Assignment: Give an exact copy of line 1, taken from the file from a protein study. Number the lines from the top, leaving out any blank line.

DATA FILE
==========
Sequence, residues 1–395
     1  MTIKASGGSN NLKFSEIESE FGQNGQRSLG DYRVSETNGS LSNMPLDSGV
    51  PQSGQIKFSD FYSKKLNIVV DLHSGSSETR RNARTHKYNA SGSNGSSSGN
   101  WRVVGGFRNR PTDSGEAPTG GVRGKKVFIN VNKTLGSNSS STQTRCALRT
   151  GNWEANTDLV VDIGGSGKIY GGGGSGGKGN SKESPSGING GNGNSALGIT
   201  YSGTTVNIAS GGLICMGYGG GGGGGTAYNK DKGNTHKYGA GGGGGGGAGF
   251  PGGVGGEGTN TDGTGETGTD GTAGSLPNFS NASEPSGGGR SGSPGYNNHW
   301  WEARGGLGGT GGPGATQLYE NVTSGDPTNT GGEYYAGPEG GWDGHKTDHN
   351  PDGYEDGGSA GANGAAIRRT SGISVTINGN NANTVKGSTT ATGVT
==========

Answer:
Sequence, residues 1–395